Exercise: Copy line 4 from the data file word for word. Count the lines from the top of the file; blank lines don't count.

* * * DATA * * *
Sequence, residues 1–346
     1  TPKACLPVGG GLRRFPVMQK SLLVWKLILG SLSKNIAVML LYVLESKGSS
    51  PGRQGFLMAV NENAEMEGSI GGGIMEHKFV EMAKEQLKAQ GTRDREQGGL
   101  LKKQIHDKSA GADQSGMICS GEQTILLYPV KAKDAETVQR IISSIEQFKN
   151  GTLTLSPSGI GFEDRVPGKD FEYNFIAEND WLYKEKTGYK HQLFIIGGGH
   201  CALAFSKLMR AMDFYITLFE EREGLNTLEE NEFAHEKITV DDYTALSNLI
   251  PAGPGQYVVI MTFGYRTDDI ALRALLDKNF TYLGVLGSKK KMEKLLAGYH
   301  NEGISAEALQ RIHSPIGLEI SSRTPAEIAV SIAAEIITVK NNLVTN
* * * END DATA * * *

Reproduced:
   101  LKKQIHDKSA GADQSGMICS GEQTILLYPV KAKDAETVQR IISSIEQFKN